Puslapio vaizdai

Macd. Then yield thee, coward,

And live to be the show and gaze o'the time.
We'll have thee, as our rarer monsters are,
Painted upon a pole; and underwrit,

Here may you see the tyrant.


I'll not yield,

To kiss the ground before young Malcolm's feet,
And to be baited with the rabble's curse.
Though Birnam wood be come to Dunsinane,
And thou oppos'd, being of no woman born,
Yet I will try the last: Before my body

I throw my warlike shield: lay on, Macduff,
And damn'd be him that first cries, Hold, enough.
[Exeunt, fighting.

Retreat. Flourish. Re-enter with drum and colours, Malcolm, Old Siward, Rosse, Lenox, Angus, Cathness, Menteth, and Soldiers.

Mal. I would, the friends we miss were safe arriv'd.

Siw. Some must go off: and yet, by these I see, So great a day as this is cheaply bought.

Mal. Macduff is missing, and your noble son. Rosse. Your son, my lord, has paid a soldier's debt:

He only liv'd but till he was a man ;

The which no sooner had his prowess confirm'd
In the unshrinking station where he fought,
But like a man he died.


Then he is dead?

Rosse. Ay, and brought off the field: your cause of sorrow

Must not be measur'd by his worth, for then

It hath no end.


Had he his hurts before?

Why then, God's soldier be he.

Rosse. Ay, on the front.


Had I as many sons as I have hairs,

I would not wish them to a fairer death:
And so his knell is knoll'd.


He's worth more sorrow,

And that I'll spend for him.

He's worth no more;
They say, he parted well, and paid his score:
So, God be with him!-Here comes newer comfort.

Re-enter Macduff, with Macbeth's head on a pole.

Macd. Hail, king! for so thou art: Behold, where stands

The usurper's cursed head: the time is free:
I see thee compass'd with thy kingdom's pearl*,
That speak my salutation in their minds;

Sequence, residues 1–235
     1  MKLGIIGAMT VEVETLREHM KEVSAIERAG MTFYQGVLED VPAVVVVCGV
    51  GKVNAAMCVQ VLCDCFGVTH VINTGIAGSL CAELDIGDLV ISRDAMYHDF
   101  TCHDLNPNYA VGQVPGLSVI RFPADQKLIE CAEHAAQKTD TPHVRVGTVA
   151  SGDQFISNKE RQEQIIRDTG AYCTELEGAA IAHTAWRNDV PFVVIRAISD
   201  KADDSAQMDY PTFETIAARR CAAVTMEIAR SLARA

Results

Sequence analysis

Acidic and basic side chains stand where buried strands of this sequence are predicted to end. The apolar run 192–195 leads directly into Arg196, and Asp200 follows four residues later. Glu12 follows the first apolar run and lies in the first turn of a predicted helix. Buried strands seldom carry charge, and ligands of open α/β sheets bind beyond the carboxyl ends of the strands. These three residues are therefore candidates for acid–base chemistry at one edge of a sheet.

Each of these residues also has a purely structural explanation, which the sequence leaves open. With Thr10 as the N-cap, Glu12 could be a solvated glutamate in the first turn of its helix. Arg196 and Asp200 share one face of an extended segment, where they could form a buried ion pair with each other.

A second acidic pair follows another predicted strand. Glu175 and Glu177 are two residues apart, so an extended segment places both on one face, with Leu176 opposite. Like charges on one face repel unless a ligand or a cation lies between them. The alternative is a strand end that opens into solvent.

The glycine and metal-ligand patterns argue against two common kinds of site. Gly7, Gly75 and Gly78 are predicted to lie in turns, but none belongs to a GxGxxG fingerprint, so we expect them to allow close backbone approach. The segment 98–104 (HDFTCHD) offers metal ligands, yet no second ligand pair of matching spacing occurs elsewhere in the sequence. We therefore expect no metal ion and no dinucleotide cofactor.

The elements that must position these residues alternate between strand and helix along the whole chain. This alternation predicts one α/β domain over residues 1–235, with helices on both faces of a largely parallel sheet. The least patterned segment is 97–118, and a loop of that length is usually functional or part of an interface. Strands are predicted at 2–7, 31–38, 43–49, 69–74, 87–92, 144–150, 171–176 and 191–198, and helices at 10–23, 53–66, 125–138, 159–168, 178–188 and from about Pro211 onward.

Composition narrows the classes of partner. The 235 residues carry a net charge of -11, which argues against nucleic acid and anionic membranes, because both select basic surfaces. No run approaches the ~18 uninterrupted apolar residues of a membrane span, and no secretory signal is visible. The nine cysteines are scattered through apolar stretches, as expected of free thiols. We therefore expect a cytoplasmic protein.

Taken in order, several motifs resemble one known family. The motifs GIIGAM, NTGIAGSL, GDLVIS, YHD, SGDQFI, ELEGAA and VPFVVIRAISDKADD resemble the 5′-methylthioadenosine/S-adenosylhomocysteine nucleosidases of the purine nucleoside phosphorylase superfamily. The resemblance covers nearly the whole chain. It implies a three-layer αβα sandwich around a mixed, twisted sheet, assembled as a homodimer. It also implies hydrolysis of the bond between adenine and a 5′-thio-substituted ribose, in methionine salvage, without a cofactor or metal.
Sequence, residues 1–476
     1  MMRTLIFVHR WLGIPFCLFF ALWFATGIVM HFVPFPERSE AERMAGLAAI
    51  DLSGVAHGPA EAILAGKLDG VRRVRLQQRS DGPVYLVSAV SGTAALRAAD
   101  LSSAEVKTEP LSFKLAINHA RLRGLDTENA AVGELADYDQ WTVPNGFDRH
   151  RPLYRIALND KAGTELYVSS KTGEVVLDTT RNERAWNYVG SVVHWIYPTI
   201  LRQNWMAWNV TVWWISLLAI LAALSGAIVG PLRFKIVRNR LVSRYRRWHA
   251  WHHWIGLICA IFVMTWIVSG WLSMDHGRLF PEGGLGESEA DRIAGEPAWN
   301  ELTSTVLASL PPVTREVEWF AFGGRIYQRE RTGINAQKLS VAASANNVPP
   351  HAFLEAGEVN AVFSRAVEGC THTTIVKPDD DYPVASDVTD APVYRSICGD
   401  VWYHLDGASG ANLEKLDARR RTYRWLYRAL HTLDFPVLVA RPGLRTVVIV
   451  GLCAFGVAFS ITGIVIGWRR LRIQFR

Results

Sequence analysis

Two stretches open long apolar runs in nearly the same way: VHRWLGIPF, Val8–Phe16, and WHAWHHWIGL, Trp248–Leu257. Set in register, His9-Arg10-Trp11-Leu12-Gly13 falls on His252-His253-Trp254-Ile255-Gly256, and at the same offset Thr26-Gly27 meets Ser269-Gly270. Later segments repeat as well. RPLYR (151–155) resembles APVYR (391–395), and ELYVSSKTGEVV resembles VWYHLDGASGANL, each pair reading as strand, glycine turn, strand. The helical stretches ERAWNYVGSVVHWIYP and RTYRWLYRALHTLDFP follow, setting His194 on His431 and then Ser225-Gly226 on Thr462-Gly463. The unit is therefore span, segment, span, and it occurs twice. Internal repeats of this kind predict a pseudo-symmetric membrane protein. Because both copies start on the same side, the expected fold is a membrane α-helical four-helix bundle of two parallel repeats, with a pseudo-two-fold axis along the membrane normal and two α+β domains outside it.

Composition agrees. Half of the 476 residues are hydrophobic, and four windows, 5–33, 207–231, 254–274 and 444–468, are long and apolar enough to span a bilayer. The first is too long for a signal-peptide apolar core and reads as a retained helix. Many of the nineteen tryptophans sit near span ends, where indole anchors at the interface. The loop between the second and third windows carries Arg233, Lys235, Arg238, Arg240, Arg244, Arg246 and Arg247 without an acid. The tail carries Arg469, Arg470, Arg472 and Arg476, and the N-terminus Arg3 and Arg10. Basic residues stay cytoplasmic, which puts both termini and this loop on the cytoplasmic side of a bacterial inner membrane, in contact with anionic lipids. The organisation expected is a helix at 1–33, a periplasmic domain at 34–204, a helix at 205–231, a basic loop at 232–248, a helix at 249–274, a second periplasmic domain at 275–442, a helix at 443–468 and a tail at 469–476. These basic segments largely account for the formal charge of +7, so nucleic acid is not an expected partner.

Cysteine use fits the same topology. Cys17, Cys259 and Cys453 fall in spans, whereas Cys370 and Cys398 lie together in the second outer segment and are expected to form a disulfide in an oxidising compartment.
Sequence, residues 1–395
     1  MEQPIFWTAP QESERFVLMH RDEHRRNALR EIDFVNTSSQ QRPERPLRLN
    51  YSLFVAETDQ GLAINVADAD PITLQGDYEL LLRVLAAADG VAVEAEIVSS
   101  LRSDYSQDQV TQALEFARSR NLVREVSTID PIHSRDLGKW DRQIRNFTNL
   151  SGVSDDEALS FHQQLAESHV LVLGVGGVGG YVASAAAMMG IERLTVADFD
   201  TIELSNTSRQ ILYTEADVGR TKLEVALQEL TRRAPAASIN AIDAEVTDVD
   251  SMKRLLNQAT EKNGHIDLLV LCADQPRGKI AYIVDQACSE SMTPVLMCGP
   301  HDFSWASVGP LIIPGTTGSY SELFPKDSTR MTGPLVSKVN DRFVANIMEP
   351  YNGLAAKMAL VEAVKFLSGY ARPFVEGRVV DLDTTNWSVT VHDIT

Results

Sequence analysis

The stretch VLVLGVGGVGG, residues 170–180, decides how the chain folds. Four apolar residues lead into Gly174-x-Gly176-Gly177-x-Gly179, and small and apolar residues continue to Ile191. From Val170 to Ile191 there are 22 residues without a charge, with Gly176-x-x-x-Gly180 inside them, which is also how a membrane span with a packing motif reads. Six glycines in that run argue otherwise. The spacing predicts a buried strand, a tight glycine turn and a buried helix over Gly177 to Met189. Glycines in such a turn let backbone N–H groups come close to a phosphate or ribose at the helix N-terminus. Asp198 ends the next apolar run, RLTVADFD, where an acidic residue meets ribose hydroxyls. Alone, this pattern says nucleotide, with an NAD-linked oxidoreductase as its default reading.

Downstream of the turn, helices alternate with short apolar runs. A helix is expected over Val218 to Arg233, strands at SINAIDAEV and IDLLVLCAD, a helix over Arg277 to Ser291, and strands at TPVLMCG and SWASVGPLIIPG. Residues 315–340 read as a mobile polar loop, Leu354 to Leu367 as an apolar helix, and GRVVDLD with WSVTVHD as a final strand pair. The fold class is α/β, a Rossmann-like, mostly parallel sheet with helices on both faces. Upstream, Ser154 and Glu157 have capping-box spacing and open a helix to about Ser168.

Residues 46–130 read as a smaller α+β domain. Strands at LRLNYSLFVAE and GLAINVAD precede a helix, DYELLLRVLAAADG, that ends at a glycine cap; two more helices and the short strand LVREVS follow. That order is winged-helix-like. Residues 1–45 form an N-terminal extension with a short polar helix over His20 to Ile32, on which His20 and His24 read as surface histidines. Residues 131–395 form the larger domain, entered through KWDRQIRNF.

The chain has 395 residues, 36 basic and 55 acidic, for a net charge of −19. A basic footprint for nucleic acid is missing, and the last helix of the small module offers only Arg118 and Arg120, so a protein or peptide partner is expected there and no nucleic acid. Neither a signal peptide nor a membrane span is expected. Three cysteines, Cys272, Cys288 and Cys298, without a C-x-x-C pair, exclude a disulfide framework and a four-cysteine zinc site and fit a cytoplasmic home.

Whose voices I desire aloud with mine,—
Hail, king of Scotland!


King of Scotland, hail!

[Flourish. Mal. We shall not spend a large expence of time, Before we reckon with your several loves, And make us even with you. My thanes and kins


Henceforth be earls, the first that ever Scotland
In such an honour nam'd. What's more to do,
Which would be planted newly with the time,-
As calling home our exil'd friends abroad,
That fled the snares of watchful tyranny;
Producing forth the cruel ministers

Of this dead butcher, and his fiend-like queen;
Who, as 'tis thought, by self and violent hands
Took off her life ;-This, and what needful else
That calls upon us, by the grace of Grace,
We will perform in measure, time, and place :
So thanks to all at once, and to each one,
Whom we invite to see us crown'd at Scone.
[Flourish. Exeunt.

Thy kingdom's wealth or ornament.

This play is deservedly celebrated for the propriety of its fiction, and solemnity, grandeur, and variety of its action; but it has no nice discriminations of character; the events are too great to admit the influence of particular dispositions, and the course of the action necessarily determines the conduct of the agents.

The danger of ambition is well described; and I know not whether it may not be said, in defence of some parts which now seem improbable, that in Shakspeare's time, it was necessary to warn credulity against vain and illusive predictions.

The passions are directed to their true end. Lady Macbeth is merely detested; and though the courage of Macbeth preserves some esteem, yet every reader rejoices at his fall.






King John :

Prince Henry, his son; afterwards King Henry III. Arthur, duke of Bretagne, son of Geffrey, late duke of Bretagne, the elder brother of King John.

William Mareshall, Earl of Pembroke.

Geffrey Fitz-Peter, Earl of Essex, chief Justiciary of England. William Longsword, Earl of Salisbury.

Robert Bigot, Earl of Norfolk.

Hubert de Burgh, Chamberlain to the King.

Robert Faulconbridge, son of Sir Robert Faulconbridge:
Philip Faulconbridge, his half-brother, bastard son to King
Richard the First.

James Gurney, servant to Lady Faulconbridge.

Peter of Pomfret, a prophet.

Philip, King of France.

Lewis, the dauphin.

Archduke of Austria.

Cardinal Pandulph, the pope's legate.

Melun, a French lord.

Chatillon, ambassador from France to King John.

Elinor, the widow of King Henry II. and mother of King John. Cónstance, mother to Arthur.

Blanch, daughter to Alphonso, King of Castile, and niece to King John.

Lady Faulconbridge, mother to the bastard and Robert Faulconbridge.

Lords, ladies, citizens of Angiers, sheriff, heralds, officers, soldiers, messengers, and other attendants.

Scene, sometimes in England, and sometimes in France.

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